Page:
This restored 1934 Brough Superior SS100 sold at the Bonhams Easter Stafford Motorcycle Auction for £131,300.
Bonhams’ annual sale of Collectors’ Motorcycles and Related Memorabilia at The Classic MotorCycle Show, Stafford on Easter Sunday, 24th April once more demonstrated the strength of the motorcycle market with a sales total of £2 million and 93% of Lots sold (85% by value).
Top item in the sale was Lot 339, the 1934 Brough Superior SS100. Restored by marque specialist Dave Clark in 2004, the Brough changed hands for an on-estimate £131,300.
Britain’s most successful ‘over the counter’ racing motorcycle of all time, the Manx Norton is always in demand and the restored 1961 500cc version sold to a bidder in California for an above-estimate £29,900, reflecting its rarity as a ‘matching-numbers’ example. Also British but much less well known, the 1965 DMW Typhoon 500cc twin-cylinder prototype fetched £19,550 against an estimate of £8,000 – 12,000.
Ben Walker, Head of Bonhams Collectors’ Motorcycle Department, commented: ‘We were extremely happy with the results achieved. The vendors of some of the more expensive machines had been offered substantially less in advance of the sale than the actual prices achieved, which amply demonstrates the merits of offering collectible motorcycles to a worldwide audience at a Bonhams auction.’
The customary eclectic mix of machines encompassed almost the entire span of motorcycle development, ranging from the 1902 Griffon to the 1998 Ducati 916SPS ‘Fogarty Replica’. As usual the sale attracted a worldwide audience, with bidders representing almost every European Union country plus the USA, Australia, Canada, New Zealand, Hong Kong, South Africa, Switzerland, Norway, Mexico and India. This sale was also notable as the first at Stafford to include live bidding via the Internet.
Vincents are always in demand and this sale provided plentiful opportunities for devotees of the Stevenage marque to expand their collections, there being no fewer than eleven consigned. As expected, top performer was the 1955 Series D Victor prototype, the only one of its kind ever made, which sold for a premium-inclusive £107,100, more than double its top estimate of £50,000. Offered from the same private collection, the 1949 Black Shadow Series C fetched £68,600 while the totally dismantled 1951 Comet ‘project’ made £9,200.
Other ‘projects’ and ‘barn finds’ turned in some of the sale’s most notable results, confirming the continuing healthy demand for original, unrestored machines, whatever their condition. Purchased by its late owner in 1960, the totally original 1950 Ariel Model 4G ‘Square Four’ sold for £5,520 while the dismantled 1928 Norton Model 18 ‘flat tanker’ was knocked down for £16,100 against a top estimate of £4,000. The sale’s oldest motorcycle, the unrestored 1902 Griffon discovered by the vendor’s late father in a local garage in 1959, fetched £24,250, comfortably exceeding its £10,000 top estimate.
Other notable Edwardians, albeit examples at the opposite end of the condition scale, included the restored 1911 Pierce (an early example of America’s first four-cylinder motorcycle), which sold for £54,300, and the rebuilt 1906 NSU 5½hp Touring v-twin, which found a new home in Spain for an above-estimate £24,150.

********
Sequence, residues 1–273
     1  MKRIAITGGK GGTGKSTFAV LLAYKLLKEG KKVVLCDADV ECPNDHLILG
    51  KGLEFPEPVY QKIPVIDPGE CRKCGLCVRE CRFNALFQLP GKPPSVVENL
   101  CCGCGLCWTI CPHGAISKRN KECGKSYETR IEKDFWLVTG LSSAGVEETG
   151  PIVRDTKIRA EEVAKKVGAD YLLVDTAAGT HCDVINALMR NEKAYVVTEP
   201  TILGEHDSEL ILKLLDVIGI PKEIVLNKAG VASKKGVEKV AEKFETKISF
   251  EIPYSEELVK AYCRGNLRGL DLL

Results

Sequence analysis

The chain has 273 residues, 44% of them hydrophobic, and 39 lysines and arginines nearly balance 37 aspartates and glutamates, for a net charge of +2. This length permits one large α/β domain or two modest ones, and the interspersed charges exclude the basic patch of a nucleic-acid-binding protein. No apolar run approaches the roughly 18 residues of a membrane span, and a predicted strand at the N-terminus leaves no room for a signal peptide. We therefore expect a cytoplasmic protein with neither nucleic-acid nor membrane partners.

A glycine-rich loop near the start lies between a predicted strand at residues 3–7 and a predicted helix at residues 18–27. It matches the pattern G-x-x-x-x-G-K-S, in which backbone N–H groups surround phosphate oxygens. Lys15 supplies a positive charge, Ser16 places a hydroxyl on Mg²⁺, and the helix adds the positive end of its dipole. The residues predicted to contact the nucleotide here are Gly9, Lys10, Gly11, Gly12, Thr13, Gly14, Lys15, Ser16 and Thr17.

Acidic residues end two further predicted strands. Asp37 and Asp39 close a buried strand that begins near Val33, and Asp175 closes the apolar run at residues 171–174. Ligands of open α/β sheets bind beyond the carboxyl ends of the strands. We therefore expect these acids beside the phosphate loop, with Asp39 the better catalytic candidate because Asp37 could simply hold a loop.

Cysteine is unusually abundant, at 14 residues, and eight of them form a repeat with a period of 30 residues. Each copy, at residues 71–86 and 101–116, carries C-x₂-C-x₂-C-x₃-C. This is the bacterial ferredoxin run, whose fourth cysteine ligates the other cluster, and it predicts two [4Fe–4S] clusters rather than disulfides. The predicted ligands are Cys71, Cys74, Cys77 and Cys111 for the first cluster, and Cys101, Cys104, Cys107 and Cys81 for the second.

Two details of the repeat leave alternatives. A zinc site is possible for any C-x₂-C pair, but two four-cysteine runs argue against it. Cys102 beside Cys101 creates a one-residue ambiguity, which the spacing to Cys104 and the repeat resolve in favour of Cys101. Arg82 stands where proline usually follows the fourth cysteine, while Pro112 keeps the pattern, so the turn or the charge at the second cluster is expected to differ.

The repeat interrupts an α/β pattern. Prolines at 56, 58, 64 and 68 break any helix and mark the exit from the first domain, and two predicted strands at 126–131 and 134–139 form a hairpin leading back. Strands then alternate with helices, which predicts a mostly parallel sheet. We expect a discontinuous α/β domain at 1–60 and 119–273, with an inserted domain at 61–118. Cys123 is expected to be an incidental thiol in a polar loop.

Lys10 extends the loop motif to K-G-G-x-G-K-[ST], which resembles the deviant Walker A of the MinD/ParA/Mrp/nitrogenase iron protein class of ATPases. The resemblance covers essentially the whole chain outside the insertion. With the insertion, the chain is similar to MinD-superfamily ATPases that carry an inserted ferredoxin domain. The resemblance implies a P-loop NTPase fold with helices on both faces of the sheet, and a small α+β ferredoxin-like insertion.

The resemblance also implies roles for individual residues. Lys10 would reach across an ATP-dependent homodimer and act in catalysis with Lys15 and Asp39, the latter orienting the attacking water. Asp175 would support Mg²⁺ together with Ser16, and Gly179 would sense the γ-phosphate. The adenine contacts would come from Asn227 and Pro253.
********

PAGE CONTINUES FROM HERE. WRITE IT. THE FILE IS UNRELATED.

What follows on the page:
Italy could lay claim to the sale’s other top-performing racing motorcycles: the 1974 Laverda 750SFC sailing past its £20,000 top estimate to find a new owner for £27,600, while the 2003 Gilera 500cc four-cylinder (a faithful replica of the 1957 works machine built in the UK by Kay Engineering) sold for £84,000, bang on estimate.
Other top-performing Italians included the 1998 Ducati 916SPS ‘Fogarty Replica’ (number ‘002’) that had been gifted to four-time World Superbike Champion Carl Fogarty by a grateful Ducati in factory. Offered for sale by only its second owner, the pristine ‘Foggy Rep’ sold for an above-estimate £27,600. A Ducati superbike from an earlier era, the 900SS ‘bevel drive’ v-twin found a new home for £18,400.
As usual, British roadsters made up the bulk of the sale, particularly noteworthy results in this category being turned in by the 1977 Norton Commando MkIII – the last of its kind made – which sold for £18,975 while its showroom rival, the unregistered 1975 Triumph T160 Trident with only 7 ‘push’ miles recorded, made £13,800.
Within the sale’s memorabilia section, the Ken Jones Photographic Collection was the undisputed highlight. Comprising thousands of prints and negatives taken at Brands Hatch and other British circuits during the 1940s, ’50s and ’60s, this unique historic archive sailed way past its £8,000 top estimate, selling to a prominent private collector in Wales for £22,800.
Any memorabilia associated with Britain’s most successful motorcycle racer of all time – Mike Hailwood – is always keenly sought after and the seven such Lots on offer proved no exception, the top performer being Mike’s silver replica trophy, awarded for his 1st place in the 1967 Isle of Man Junior TT, which sold for £8,400.
Prior to Mike Hailwood, Stanley Woods had been the most successful rider at the Isle of Man TT, and his collection of memorabilia attracted keen interest. Although not quite the most valuable item, the letter from Stanley’s mother – saying she would give him the motorcycle if he promised he would ‘never take intoxicating drink’ – was by far the most poignant, selling for £1,680 against a top estimate of £200.